What I really am: a man and a writer who asks questions and has no answers; in other words, a profound, all-round skeptic whose religion is literature, laughter, and love. I cannot really be pinned down to any particular philosophy, therefore, and any attempt to summarize my viewpoints in a few lines do me an injustice. I often contradict myself within the course of a novel that was written over a period of many years. As for my answers to face-to-face interviews, they are often the result of a fleeting thought or the pressure to deliver an answer where there really cannot be any answer. I cannot be pigeonholed without doing me an injustice; I am a free writer in search of what I consider to be the truth, and expressing what I feel as and when I feel it. Anti-Christian or pro-Christian: either label is an absurdity; religion as an abstract principle is simply not an issue in my life right now, though I do make occasional observations on the influence that religion seems to have on human behavior.

How do you feel now about your two later books, Beauty Queens, Children and the Death of Sex and Impressing the Whites. Why One Little Indian?

You have to read The Revised Kama Sutra, and to compare it to what Indians were writing at the time it was written, in the Eighties and early Nineties, to realize that after I wrote it, driven by an inner force, I myself was in shock at my own daring. I became defensive, afraid of attack and of being banned. However, despite its occasional clumsy, pompous or defensive sections, Beauty Queens still has some of my funniest and most passionate writing–and I am proud I trusted my own inner voice, a la Ralph Waldo Emerson. Impressing the Whites is again me, trying to prove to myself that I still have the guts, that I can, as the Asian Age described the book, “go where no man has gone before.” If there is value to be placed on courage and honesty in writing, especially from Third World colonial subjects, then these books deserve at least a fair reading. One Little Indian takes away some of the stigma attaching to the title Revised Kama Sutra in puritanical modern India, and honors those women who have been moved enough by the childhood story as to think it makes a novel by itself. Because of the nonexistent launch and the atrocious cover design, however, the book was withdrawn and never had a chance to test its potential.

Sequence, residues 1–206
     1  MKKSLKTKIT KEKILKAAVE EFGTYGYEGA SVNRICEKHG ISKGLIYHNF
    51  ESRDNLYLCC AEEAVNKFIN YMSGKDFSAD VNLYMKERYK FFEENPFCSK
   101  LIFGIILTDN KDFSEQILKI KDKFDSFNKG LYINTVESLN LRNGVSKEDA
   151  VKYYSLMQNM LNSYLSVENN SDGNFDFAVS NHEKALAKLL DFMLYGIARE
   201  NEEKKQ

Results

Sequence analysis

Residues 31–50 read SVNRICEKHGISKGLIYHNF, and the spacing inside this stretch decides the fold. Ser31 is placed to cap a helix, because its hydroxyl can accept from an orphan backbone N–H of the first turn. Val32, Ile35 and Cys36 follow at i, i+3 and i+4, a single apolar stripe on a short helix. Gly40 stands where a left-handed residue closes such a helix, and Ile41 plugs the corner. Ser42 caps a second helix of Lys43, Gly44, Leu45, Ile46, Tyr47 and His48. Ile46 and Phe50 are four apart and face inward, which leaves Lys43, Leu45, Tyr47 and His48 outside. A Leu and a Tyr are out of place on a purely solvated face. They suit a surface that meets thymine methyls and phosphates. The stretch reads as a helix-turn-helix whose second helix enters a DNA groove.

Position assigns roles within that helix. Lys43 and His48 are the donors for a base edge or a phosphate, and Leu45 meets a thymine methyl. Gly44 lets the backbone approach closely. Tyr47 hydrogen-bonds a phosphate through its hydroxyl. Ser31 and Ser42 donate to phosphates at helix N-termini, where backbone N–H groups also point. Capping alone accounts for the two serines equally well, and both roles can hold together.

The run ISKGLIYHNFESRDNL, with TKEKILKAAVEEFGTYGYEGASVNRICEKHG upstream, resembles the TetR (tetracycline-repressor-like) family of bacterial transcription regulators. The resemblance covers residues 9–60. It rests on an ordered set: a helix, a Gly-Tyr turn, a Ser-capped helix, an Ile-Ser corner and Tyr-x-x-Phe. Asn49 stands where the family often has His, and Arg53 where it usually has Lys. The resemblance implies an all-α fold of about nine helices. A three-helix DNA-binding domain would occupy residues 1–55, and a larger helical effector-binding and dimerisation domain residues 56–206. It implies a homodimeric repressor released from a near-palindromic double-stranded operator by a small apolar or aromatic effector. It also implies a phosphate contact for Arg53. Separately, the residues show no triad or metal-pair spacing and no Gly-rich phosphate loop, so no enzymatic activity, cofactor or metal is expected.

Any other thing?

The American edition of The Revised Kama Sutra is the weakest of all the editions (I suggest you don’t buy it, you’ll regret selling yourself and your time so cheap by buying the American edition from someplace online; it will disappoint you, and you won’t know what the book really was at its best.) Best to buy the Invisible Man Books, Penguin. Fourth Estate editions, or the new HarperCollins one if you live in India. But it does have one distinction: it was at that point the only novel in existence dedicated to the Yoni Goddess AND to Kurt Vonnegut, William Burroughs, and the American Constitution. The dedication, I think, represents the novel: tongue-in-cheek, earnest, passionate, and sometimes purely silly. I met Kurt Vonnegut, by the way, and he was generous in agreeing to read my novel; he wrote me a beautiful letter of appreciation.

This novel is about sex and motherlove and sin and sordid dreams and childhood and pedestrian reality (and yes, you could say almost exactly the same thing about James Joyce’s Ulysses, except that you won’t find a single mention about pole, sannan, and Mangalore in Ulysses-which is about Ireland, as it should be). It is about the mind, and how it’s all in the mind. There are no ghosts, demons, spies, murderers, or rapists in here, no international conspiracies specifically hatched here, no Byzantine thought-systems explained here. And yes, no fakirs, freaks, foreign cousins, maharajas, princesses, British officers, and so on.

If you have any questions not answered here, or would like to interview me, please feel free to contact me.